Travel tips for Laos
You can make an international calls at Laos Telecom offices in most provincial capitals or post offices. Calls to most countries usually cost between 0.75USD and 1.80USD per minutes. Still, cyber cafes are a cheaper way to go. If you want to use your mobile phone in Laos, the simplest and cheapest way is to buy a prepaid phone card from most mini-marts or phone shops for around US$10. The major phone providers are Tango and Laotel. Or check if your phone company has international roaming coverage in Laos.
You will find plenty of internet cafes in larger towns and cities, and in many guesthouse and hotels as well. Wi-fi is available in some upscale hotel.
The usual voltage is 220V. Power supplies can be erratic, so be prepared to be flexible. Plugs with two round pins are more popular than the three-pin. If you have any devices needing a special outlet, please bring its adapter kit. The best investment is the universal AC adapter, which will enable you to plug it in anywhere.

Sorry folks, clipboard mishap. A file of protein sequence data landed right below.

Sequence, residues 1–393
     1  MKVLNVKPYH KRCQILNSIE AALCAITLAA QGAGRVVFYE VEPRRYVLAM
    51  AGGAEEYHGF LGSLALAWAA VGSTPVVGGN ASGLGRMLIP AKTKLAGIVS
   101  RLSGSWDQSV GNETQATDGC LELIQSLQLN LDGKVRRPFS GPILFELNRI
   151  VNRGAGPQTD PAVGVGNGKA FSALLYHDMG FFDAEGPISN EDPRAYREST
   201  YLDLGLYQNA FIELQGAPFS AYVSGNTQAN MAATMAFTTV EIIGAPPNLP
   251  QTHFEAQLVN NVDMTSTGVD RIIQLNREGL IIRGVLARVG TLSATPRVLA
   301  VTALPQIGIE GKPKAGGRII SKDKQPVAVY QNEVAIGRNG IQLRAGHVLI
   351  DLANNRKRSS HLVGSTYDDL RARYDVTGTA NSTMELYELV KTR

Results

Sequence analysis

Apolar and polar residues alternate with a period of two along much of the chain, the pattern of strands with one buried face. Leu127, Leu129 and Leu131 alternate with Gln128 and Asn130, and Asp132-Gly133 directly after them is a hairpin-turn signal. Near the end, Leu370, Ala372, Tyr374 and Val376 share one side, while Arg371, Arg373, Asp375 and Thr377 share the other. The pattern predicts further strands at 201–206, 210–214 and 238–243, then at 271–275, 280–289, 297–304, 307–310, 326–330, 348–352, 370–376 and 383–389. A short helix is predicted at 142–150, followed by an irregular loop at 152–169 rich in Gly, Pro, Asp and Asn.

The official national currency in Laos is the Lao kip (LAK). Kip notes come in denominations of 500, 1000, 2000, 5000, 10, 000, 20, 000 and the recently printed 50, 000 kip.Three currencies are used in Laos: Lao kips, US dollars and Thai baht, the latter two are readily acceptable in large cities and towns at most business.
- Please note that only new crisp notes are accepted in Laos. US$100 notes receiving a better exchange rate; US$ notes of the series number before 1996 as well as US$100 notes with the series number CB, dirty and/or damaged notes, or notes with any writing on it are not accepted in Laos. Please bring some small changes with you for your convenience.
5. Credit card
A growing number of hotels, up market restaurants and gift shops in Vientiane and Luang Prabang accept Visa and Master Card, and to a much lesser extent Amex and JCB. Outside of these three towns, credit cards are virtually useless and kip is more preferred. Major banks in Laos like Banque pour le Commerce Extérieur du Lao (BCEL) has branches in Vientiane, Luang Prabang,Vang Vieng; Savannakhet and Pakse offer cash advances/withdrawals on Visa credit/debit cards at a 3% transaction fee, other banks may have slightly different charges. Advances/withdrawals can be made in Lao kip only when it's not possible to withdraw US dollars or Thai baht.